Fables warning against the dangers of greed and temptation are nearly as old as humanity itself; yet there’s perhaps no story better known that relays this lesson than Christopher Marlowe’s 1592 play The Tragical History Of The Life And Death Of Doctor Faustus. Plan B Productions’ #Faustus, directed by Graham Price, is an ambitious attempt to make this story more readily applicable to the present day, in that the powers given to the title character by Lucifer allow him to wreak havoc primarily through the dark web (the criminal underground of the internet, for those unaware). As an adaptation of a 400-year old plus play, #Faustus is fairly successful.
One of its more unique choices is casting a woman in the role of Mephistopheles (Steph Goodwin), who acts as an intermediary between Faustus and Lucifer. Goodwin portrays this character in a manner that is menacing yet elegantly evil at the same time, establishing a personage who is well a capable adversary for Faustus (portrayed by William Beddoe). Her dynamic onstage with Beddoe is fascinating to watch precisely because of this. Beddoe himself is a strong performer in the role of Faustus, but his character only truly comes into his own when he’s at his lowest moment. The moment when Faustus realizes the full gravity of what he’s done is a truly agonizing one, as his turmoil is vividly expressed by Beddoe.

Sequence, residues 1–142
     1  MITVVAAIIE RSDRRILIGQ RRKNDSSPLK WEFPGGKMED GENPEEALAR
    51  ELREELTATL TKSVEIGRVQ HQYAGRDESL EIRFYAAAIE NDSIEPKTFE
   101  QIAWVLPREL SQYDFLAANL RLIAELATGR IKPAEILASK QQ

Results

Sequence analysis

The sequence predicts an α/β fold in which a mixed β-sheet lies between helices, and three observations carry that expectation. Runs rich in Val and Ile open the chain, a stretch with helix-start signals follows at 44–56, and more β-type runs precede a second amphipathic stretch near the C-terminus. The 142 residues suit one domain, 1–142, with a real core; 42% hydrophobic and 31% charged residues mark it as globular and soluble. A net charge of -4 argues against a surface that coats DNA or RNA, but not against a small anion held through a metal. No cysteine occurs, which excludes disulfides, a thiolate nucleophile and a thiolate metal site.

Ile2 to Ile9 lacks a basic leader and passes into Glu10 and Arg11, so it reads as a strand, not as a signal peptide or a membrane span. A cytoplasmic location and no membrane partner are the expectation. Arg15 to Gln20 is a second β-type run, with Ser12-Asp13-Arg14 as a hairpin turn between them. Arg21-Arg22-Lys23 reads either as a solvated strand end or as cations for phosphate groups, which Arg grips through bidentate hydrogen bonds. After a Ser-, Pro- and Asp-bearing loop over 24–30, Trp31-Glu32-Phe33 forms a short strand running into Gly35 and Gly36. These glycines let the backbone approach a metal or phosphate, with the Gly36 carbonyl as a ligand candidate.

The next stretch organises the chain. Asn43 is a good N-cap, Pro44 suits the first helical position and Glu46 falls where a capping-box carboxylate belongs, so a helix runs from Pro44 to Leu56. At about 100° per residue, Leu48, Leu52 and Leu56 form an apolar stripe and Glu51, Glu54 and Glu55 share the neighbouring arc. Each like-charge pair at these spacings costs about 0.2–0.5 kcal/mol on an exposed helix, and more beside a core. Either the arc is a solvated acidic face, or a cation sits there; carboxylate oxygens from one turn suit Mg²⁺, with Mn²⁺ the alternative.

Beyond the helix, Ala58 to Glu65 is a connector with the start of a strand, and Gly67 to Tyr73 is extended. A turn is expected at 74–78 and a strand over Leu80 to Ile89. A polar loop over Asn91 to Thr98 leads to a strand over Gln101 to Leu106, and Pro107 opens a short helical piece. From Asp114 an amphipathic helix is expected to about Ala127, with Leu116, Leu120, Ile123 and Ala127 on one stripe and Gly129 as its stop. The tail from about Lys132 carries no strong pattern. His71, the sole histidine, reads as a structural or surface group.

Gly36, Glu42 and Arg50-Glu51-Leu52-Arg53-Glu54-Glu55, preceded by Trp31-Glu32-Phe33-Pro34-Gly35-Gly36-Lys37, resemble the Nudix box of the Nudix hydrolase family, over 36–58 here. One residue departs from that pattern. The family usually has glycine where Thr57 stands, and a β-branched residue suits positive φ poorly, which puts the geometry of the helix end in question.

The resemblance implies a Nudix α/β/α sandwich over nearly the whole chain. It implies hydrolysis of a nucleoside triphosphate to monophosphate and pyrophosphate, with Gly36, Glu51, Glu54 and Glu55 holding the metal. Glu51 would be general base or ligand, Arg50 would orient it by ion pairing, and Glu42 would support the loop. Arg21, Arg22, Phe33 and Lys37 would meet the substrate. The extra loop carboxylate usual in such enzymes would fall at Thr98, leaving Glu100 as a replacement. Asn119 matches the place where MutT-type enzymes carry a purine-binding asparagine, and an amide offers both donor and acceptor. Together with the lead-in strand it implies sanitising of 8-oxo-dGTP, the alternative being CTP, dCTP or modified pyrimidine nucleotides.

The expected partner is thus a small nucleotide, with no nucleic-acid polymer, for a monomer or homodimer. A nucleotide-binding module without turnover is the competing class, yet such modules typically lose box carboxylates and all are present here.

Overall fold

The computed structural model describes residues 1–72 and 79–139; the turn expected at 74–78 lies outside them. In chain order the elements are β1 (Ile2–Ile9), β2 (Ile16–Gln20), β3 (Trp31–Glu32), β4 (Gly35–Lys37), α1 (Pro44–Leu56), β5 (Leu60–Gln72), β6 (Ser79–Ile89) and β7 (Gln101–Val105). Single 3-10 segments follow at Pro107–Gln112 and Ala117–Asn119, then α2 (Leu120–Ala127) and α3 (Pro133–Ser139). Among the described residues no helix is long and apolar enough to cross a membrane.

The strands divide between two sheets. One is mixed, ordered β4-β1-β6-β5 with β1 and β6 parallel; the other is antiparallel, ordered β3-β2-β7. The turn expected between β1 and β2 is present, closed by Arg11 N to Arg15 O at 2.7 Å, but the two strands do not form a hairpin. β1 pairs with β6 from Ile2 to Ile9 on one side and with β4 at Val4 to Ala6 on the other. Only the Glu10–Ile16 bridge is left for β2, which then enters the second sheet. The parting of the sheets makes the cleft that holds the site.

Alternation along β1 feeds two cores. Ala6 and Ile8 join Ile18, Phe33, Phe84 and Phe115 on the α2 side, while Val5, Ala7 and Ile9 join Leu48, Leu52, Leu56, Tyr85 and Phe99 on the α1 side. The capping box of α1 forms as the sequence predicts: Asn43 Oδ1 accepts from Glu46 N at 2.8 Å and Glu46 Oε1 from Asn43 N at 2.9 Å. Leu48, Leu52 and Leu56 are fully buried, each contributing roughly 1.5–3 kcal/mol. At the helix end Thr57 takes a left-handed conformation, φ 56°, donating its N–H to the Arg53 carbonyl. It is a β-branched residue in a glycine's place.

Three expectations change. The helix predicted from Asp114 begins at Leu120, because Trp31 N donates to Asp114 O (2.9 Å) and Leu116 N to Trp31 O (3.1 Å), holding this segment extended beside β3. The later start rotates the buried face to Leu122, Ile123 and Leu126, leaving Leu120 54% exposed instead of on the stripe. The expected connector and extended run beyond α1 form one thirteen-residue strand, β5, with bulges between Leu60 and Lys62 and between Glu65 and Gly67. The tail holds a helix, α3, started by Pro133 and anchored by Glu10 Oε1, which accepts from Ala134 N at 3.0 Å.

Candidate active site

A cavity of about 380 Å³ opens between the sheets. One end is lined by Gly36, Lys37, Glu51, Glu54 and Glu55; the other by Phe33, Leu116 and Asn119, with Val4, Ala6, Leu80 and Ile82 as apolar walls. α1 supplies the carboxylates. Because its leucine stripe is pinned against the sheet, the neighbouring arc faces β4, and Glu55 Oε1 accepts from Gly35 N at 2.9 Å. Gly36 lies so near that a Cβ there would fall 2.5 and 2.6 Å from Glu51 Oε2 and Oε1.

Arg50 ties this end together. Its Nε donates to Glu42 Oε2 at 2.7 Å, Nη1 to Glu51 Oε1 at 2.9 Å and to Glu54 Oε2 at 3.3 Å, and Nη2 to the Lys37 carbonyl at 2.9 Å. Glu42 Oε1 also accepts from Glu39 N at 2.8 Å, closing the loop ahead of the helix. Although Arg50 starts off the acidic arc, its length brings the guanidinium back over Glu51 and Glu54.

Another innovative feature of this production is the use of three projection screens to technologically complement the plot and give it a modern touch. Particularly apt uses of it are when Faustus and his friends hold counsel through FaceTime and when trashy images of contemporary culture are displayed before the protagonist by Lucifer as examples of the seven deadly sins. The video designer for the production, Andrew Alexander, definitely deserves credit on this front.
The only element which feels a bit out of place in this adaptation is the retention of the original Elizabethan-era dialogue. While it’s laudable of the show to want to keep something of Marlowe’s play, I couldn’t help but feel that including contemporary speech would give its subject matter more immediacy for the audience. Aside from this, however, it’s nice to see a show that is still willing to tackle as abstract and complex a subject as evil in our current moment as #Faustus is.
This article originally appeared in Capital Critics’ Circle on June 20, 2018, and has been reposted with permission.
This post was written by the author in their personal capacity.The opinions expressed in this article are the author’s own and do not reflect the view of The Theatre Times, their staff or collaborators.
This post was written by Natasha Lomonossoff.
The views expressed here belong to the author and do not necessarily reflect our views and opinions.